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Gene Simmons Says Brutal Hip-Hop Comments Weren’t ‘Mean-Spirited’

By Hayden Wright

In addition to calling Prince’s death “pathetic” in a recent Newsweek interview (comments for which he’s since apologized) Gene Simmons has clarified another controversial statement about how he eagerly awaits the death of hip-hop music.

“I am looking forward to the death of rap,” he told Rolling Stone in March, echoing statements he made to Radio.com two years ago. “I’m looking forward to music coming back to lyrics and melody, instead of just talking.”

Related: KISS’ Gene Simmons Eagerly Awaits the Death of Rap

In his chat with Newsweek, Simmons said what he meant to say was that all music styles are popular for a while, then fade away.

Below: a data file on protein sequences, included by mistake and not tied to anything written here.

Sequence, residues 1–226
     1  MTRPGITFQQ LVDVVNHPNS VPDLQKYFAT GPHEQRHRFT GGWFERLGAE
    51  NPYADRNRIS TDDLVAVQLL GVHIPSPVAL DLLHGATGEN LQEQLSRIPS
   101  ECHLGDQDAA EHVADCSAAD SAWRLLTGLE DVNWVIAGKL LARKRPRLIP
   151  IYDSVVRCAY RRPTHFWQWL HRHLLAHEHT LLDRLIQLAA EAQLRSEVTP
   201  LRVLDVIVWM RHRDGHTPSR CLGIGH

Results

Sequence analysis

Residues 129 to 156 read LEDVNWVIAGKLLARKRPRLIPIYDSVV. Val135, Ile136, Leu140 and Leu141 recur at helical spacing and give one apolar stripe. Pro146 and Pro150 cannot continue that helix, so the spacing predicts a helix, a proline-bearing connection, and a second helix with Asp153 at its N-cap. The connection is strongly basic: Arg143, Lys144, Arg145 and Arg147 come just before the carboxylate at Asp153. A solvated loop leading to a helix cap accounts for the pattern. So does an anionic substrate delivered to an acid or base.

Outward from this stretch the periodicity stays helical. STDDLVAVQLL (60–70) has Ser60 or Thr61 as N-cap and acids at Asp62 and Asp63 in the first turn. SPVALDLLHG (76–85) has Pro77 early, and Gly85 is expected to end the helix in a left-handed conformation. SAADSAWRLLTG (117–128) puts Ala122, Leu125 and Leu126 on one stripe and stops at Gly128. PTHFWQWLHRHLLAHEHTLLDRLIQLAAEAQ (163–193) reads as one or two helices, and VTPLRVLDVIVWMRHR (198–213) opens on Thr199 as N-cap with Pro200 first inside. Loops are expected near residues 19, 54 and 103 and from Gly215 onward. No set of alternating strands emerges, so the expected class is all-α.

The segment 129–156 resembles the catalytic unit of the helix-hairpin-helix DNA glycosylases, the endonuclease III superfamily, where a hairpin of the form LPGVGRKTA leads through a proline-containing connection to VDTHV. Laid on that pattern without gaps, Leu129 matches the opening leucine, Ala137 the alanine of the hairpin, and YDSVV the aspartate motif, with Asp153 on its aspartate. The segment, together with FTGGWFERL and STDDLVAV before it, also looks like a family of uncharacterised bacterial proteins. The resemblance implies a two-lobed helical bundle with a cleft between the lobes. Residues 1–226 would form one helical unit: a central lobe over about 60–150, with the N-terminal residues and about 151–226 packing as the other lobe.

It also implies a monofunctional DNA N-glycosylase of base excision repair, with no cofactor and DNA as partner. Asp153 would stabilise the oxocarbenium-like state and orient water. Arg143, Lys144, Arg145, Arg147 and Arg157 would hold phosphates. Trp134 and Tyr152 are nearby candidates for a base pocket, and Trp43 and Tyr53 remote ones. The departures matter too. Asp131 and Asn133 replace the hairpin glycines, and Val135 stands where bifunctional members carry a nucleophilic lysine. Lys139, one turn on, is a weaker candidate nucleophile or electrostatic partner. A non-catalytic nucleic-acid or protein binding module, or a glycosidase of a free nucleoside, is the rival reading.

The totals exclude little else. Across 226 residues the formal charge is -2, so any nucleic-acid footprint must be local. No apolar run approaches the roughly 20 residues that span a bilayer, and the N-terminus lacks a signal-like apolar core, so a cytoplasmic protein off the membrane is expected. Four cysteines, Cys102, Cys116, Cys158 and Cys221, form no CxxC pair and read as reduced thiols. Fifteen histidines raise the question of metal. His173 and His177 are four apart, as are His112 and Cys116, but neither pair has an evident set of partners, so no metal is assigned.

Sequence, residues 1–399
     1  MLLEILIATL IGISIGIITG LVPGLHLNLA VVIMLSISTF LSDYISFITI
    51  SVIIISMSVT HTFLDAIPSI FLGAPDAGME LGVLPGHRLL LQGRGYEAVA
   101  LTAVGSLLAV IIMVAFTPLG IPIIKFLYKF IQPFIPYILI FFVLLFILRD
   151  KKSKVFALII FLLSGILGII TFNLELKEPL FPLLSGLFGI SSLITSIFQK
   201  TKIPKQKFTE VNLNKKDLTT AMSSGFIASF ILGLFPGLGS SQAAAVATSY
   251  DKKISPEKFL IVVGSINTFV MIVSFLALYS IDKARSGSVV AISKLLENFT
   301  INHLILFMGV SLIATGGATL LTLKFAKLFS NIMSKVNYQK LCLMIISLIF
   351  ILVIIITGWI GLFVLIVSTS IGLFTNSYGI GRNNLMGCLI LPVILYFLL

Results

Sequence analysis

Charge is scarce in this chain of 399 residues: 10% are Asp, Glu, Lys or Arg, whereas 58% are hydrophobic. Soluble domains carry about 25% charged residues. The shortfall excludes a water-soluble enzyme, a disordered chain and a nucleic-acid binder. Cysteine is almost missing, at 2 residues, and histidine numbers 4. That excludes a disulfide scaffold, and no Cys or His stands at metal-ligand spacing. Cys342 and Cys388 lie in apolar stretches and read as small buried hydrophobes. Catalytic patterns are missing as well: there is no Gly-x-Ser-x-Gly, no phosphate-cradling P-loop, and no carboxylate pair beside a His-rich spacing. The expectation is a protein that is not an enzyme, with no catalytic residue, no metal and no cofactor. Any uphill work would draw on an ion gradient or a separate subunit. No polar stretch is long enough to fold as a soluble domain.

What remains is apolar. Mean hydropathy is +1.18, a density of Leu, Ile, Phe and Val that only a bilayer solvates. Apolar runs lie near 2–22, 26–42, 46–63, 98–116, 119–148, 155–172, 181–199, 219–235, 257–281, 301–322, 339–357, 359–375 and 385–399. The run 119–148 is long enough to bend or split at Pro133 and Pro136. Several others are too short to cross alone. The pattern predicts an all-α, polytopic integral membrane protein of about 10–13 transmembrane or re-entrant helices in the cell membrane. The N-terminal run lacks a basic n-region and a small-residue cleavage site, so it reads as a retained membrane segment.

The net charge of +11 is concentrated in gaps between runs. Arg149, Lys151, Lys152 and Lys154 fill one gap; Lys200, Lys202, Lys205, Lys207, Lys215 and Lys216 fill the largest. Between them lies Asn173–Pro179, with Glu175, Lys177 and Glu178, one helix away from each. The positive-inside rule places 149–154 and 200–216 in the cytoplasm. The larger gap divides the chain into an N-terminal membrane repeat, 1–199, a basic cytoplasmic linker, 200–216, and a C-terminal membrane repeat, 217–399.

“I didn’t mean [to be] mean-spirited,” he said. “I’ve got to watch my words. Of course I don’t want it to die. But it will. Rock dies, rap dies—doo-wop died. Remember this? [He sings in the style of doo-wop.] That’s dead. That Chuck Berry stuff is gone. Folk rock went. All things will pass. This idea that music will last forever is delusional.”

Simmons gave examples of other genres he feels fell by the wayside after their illustrious heydays.

“I’ve been criticized for saying rock is dead but I stand by my words. From 1958 to 1988 we had Elvis, the Beatles, The [Rolling] Stones, Jimi Hendrix, Queen. From 1988 until today, give me the new Beatles? It doesn’t work, does it? Pretty f—ing pathetic.”

Simmons added that while pop music is thriving at the moment he’s less than impressed by the latest crop of superstars.

“The boy band is alive and well—One Direction is a very big band,” he said. “The pop stuff is good—you’ve got Bieber and Beyoncé. I don’t know how to tell anybody this, but it ain’t the Beatles. It doesn’t have the gravitas.”

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